November 6, 2013

7 Essential & Enlightening Classic Buddhist Books.

Whenever we’re seeking further illumination along the path of dharma, one effective way to get inspiration and information is by reading books on Buddhism.

A few months ago, I wrote a list of 7 sensational American Buddhist book recommendations.

In contrast, what I’m offering here for any budding Buddhists or others in search of Beginner’s Mind, is a list of Eastern Buddhist books, written primarily by Asian authors.

In my opinion, these books are classic, because they are not new, yet their content is timeless, accessible and highly re-readable.

Please add your favorite classic Buddhist title(s) in a comment to expand the list!

1. Zen Mind, Beginners Mind by Suzuki Roshi

I fell in love with this book because of where and when I read it. I truly had a beginner’s mind, as I was a 24-year-old, new Zen practitioner. I was on a four-day retreat at Green Gulch Farm, waking up at 5:00 a.m. to meditate with monks, chopping onions in the communal kitchen as my mindful service, hiking along a crest overlooking the Pacific. I read the book during my free time in the afternoons, sprawled out on my yoga mat on the patio outside my cozy cabin.

No matter where you are, if you’re interested in zen, this classic book—first published over 40 years ago—is required (and enjoyable) reading.

2. Cutting through Spiritual Materialism by Chogyam Trungpa

This daunting blue book sat on my bookshelf in every house I lived in for years before I finally broke down and read it. It’s certainly not a light read, and it took me months to get through, but it was definitely worth the effort.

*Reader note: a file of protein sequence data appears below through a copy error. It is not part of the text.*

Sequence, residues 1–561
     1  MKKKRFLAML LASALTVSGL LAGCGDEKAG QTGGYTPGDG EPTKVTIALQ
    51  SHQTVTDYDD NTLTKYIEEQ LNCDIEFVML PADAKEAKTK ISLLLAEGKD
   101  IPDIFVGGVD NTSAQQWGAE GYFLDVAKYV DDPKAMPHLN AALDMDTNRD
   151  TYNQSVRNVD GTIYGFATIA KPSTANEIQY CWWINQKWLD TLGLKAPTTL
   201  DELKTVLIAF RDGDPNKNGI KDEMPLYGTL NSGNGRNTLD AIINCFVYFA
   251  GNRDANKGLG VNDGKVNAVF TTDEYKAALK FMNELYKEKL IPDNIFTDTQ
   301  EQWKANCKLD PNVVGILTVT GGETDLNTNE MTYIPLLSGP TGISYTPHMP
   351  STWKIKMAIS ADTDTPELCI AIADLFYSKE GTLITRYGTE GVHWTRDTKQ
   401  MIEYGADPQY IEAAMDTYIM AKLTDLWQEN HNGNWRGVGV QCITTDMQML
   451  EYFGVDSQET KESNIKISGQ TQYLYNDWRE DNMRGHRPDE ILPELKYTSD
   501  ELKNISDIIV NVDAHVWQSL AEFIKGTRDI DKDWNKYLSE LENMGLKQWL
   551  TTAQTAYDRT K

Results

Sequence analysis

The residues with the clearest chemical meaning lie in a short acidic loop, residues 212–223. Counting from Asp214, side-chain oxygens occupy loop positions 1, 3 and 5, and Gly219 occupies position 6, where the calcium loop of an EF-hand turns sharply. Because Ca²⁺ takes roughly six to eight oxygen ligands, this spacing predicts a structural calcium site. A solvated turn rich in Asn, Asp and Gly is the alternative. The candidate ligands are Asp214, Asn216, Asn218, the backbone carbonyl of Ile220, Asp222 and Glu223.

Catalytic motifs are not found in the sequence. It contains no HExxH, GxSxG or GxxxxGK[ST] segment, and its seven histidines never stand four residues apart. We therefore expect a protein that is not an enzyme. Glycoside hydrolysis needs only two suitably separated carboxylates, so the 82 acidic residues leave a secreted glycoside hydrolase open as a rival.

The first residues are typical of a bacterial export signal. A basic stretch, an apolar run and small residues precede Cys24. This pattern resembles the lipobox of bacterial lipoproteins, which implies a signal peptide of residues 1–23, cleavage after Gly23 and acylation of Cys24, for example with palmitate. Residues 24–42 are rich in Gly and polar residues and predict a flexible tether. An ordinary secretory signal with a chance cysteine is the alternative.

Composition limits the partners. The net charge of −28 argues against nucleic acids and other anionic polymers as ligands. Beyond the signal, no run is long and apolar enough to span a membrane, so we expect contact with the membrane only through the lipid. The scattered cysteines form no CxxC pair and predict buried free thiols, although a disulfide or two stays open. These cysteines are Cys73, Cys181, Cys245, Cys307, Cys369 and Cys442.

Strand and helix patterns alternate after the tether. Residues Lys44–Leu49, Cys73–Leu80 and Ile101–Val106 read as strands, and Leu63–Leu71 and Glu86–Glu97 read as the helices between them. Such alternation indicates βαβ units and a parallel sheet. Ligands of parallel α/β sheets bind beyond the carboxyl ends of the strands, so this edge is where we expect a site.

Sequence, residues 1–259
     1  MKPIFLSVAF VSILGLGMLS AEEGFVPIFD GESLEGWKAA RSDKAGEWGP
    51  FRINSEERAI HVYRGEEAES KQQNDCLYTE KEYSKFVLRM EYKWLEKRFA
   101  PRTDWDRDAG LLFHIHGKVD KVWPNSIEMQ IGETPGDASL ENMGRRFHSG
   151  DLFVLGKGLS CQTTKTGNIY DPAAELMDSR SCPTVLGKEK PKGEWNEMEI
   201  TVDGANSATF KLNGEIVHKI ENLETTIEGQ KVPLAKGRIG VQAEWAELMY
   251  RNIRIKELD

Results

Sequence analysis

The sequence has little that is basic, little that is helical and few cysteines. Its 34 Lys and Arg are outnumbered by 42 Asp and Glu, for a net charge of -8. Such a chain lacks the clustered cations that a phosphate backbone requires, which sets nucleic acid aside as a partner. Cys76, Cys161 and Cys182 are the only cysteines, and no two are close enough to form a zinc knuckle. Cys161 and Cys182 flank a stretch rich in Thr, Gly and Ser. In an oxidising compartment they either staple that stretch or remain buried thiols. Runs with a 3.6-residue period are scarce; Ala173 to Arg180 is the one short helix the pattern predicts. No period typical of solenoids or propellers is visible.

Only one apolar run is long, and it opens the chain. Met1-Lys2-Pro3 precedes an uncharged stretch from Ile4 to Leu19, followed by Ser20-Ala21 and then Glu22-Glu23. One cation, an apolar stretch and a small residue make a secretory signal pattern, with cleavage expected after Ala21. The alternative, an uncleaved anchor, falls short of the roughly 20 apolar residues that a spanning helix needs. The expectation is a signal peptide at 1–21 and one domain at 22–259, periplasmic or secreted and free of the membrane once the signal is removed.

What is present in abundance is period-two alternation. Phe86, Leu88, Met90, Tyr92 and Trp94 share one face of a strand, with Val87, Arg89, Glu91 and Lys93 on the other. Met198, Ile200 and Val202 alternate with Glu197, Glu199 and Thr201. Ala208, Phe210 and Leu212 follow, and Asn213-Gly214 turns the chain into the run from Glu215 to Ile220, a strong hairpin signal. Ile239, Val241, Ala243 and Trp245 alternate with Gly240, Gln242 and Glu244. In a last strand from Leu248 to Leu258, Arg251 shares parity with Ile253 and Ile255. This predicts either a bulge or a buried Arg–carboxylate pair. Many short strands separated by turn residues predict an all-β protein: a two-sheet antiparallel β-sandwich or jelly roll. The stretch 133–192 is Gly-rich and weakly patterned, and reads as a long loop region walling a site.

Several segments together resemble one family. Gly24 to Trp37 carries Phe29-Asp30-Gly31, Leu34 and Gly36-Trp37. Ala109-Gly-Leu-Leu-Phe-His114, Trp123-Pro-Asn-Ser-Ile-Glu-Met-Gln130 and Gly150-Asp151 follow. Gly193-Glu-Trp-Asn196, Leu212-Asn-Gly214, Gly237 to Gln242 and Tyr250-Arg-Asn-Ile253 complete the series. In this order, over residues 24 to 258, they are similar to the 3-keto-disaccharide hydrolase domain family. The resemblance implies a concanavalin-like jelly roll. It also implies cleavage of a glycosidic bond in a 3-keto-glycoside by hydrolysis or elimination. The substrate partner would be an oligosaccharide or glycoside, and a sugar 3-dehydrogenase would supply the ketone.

Rinpoche writes, “The problem is that ego can convert anything to its own use, even spirituality.” Read his masterpiece and learn how to avoid the common pitfall of materialism in this essential volume by a great teacher.

3. The Art of Happiness by the Dalai Lama

A non-boyfriend lent me his copy of this book the morning after… and then never called me again. Was that supposed to be some kind of not-so-subtle message? Whether he meant it that way or not, I took it as a clear sign to read the book and learn the art of happiness.

Through conversations, stories, and meditations, the Dalai Lama and his co-author, psychologist Dr. Howard Cutler explore everyday life and show us how to deal with difficult emotions like anxiety, insecurity, anger and fear.

4. The Heart of Understanding by Thich Nhat Hanh

Thich Nhat Hanh is hard to spell but easy to read. I truly love every book of his that I’ve ever read, from Peace is Every Step to Living Buddha, Living Christ.

In this thin volume, the inimitable Vietnamese zen teacher shows us how we are all interconnected with everything and everyone. He offers his clear, lovely interpretation of a core Buddhist text, The Heart Sutra.

5. The Joy of Living: Unlocking the Secret and Science of Happiness by Yongey Mingyur

A young(ish) monk and the youngest son of a great lama, Yongey Mingyur was born in 1975. With excellent writing and a friendly tone, he weaves together the fields of Tibetan Buddhism, neuroscience and quantum physics in this accessible, practical and down-to-earth book.

6. Mindfulness in Plain English by Bhante Gunaratana

Just as the title promises, this is a book about the practice of mindfulness meditation in straightforward, no-frills language. Truly a must read for anyone new to the practice—or anyone looking to renew their passion for practicing mindfulness daily.

7. The Art of Living: Vipassana Meditation as taught by S.N. Goenka by William Hart

There’s really no replacement for attending a 10-day silent Vipassana meditation course. But, for “old students” and inquiring potential attendees, this lovely little gem of a book includes stories by Goenkaji as well as answers to students’ questions.

Bonus: The Pocket Pema Chodron. Because I can’t make a classic book list without including Ani Pema, the most influential female Buddhist teacher and author around.


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Ed: Catherine Monkman

{Photo: Fun Zen Bakery.}

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